Man sitting at office desk sipping from a mug and looking at a computerWorking from home was still considered a bit taboo and somewhat of a privilege for many people until recently. According to this Gartner survey, at least 80% of surveyed company leaders plan to allow employees to continue remote work — at least part-time. Research has shown us that employee happiness and productivity seem to be highest when workers are allowed to stay at home rather than commute to an office. This trend isn’t likely to disappear anytime soon.

Alongside this, many people are relocating since they now have the flexibility to work from almost anywhere. Apartment communities are paying close attention to this boom and have begun offering additional incentives to potential tenants for choosing to rent a space within their community. So, what are some of the most popular amenities being offered to those who find themselves working from an apartment?

Enhanced Concierge Services

These add-on services are not necessarily a new thing for some higher-end properties. But now that more people are working from home, concierge services are quickly becoming more of an essential rather than a luxury. Having a service dedicated to tenants for things like fetching food orders, laundry, dog walking, and package retrieval is a perk that apartment communities may offer to accommodate their WFH tenants further.

Built-in Nooks

Many apartment complexes now offer work areas or small alcoves within the apartments themselves that can be used for a dedicated home office setup. These nooks sometimes come already equipped with a built-in desktop space or a collapsible desk shelf. They’re usually furnished with power outlets and added extras like USB plug-ins so that you can keep your devices charged and ready to go at all times.

Co-Working Spaces

Apartments with coworking spaces are already pretty commonplace in most newer apartment complexes. Still, some are offering computers, printers, larger open areas with desks, comfy couches, and conference-style rooms for tenants to work privately. This trend started as a way to encourage human interaction between people who work from home. It may still be offered in some communities, taking into account social distancing and health guidelines.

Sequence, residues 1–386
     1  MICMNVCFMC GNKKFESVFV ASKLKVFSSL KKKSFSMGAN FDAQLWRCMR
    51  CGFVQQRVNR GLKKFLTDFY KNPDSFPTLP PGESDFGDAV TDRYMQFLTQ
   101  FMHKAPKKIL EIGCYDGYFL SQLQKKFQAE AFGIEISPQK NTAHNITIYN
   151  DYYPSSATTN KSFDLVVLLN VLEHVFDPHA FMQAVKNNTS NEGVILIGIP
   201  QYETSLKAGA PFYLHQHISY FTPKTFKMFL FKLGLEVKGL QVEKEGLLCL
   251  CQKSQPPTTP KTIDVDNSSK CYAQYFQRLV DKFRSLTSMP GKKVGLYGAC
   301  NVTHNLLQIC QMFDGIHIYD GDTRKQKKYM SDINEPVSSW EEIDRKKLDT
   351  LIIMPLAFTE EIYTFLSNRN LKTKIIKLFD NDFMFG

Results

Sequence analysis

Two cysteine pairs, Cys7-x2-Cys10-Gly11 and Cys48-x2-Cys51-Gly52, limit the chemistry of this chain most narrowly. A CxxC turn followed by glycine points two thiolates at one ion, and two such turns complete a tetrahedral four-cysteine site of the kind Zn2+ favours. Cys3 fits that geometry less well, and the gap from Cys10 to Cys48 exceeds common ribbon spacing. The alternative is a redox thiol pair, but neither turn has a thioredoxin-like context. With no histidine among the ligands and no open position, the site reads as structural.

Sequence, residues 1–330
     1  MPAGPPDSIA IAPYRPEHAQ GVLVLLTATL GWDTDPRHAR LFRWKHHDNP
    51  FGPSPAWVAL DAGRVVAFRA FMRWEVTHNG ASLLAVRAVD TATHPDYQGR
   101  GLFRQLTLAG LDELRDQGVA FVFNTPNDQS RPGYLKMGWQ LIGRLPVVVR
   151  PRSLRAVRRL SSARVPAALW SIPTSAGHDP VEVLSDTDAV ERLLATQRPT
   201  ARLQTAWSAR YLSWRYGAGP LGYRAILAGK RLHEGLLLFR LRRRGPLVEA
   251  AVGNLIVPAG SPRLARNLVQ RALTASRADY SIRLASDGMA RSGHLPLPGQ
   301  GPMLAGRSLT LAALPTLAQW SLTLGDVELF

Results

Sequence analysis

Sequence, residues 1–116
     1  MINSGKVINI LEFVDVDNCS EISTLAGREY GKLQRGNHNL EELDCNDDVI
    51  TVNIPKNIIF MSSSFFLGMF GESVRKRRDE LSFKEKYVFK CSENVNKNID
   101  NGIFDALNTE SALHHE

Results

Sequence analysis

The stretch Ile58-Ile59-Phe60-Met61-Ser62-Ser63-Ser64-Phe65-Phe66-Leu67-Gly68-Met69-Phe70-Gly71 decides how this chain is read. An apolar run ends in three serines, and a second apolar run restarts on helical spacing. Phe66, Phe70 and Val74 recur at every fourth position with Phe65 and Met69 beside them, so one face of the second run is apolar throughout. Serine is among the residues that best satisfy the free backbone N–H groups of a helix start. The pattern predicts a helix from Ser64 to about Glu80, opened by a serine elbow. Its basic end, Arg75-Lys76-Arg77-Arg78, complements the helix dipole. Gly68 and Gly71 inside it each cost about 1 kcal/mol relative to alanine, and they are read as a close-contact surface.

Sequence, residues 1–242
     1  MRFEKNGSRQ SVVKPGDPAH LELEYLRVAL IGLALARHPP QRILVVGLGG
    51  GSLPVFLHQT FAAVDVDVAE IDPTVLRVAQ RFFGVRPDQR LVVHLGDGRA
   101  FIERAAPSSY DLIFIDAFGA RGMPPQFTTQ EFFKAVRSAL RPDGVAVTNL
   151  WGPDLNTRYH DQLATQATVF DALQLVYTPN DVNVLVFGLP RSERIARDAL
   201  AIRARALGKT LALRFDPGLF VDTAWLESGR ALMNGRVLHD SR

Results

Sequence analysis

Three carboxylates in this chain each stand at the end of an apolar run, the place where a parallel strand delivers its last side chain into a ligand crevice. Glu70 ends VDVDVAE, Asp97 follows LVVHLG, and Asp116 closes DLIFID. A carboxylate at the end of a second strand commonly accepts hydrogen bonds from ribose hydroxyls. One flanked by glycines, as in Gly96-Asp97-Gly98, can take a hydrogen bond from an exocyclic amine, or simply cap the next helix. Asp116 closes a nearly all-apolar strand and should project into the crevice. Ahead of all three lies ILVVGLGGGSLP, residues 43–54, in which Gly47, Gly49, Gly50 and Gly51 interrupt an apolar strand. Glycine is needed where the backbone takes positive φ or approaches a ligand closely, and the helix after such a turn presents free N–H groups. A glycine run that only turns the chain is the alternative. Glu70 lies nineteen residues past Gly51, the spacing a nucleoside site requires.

Garden-Style Apartments

Working from home may be less stressful than going to an office every day, but we all need to take time out for relaxation. Garden apartments are unique compared to concrete highrise apartments and may allow for a more zen-like work from home experience. They’re typically surrounded by lush greenery and sometimes genuine gardens that can provide a sense of calm after a long day of work.

Pre-Furnished Apartments

If you’re looking for the ideal pad for a digital nomad-lifestyle, finding furnished apartments or temporary furniture for your next short-term destination is a must! After all, without quality furniture, you won’t be comfortable in your temporary space, and buying new furniture after each move is a quick way to put a dent in your savings account!

Turn to CORT for help decking out your new, temporary digs with whole-apartment furniture rental. We’ll turn any place into a furnished space, setting up your stuff before you move in and picking it up at the end of the lease.

Upgrade Your WFH Lifestyle

Whether you’re working from home in a small apartment part-time or full-time, it’s essential to have a relaxing and comfortable living space. From built-in office nooks to dedicated co-working spaces, apartment complexes are finding new ways to get remote workers’ business. Find available apartment units that fit your needs with ApartmentSearch. Check out our free search tool today!

Source: blog.apartmentsearch.com

Tips for Dealing with Difficult Relatives During the Holidays

Older woman talking to girl with cookie in mouthIf you’ve been living solo for a while, the holiday season may mark the first time you’ll see your extended family in a long time. You may already be dreading spending your long weekends cooped up with nosy aunts and spoiled cousins!

Though we can’t give you your PTO back, we can help you maintain your sanity during family festivities. Keep your holiday season delightful— not dreadful — with these tips for dealing with difficult family members this holiday season.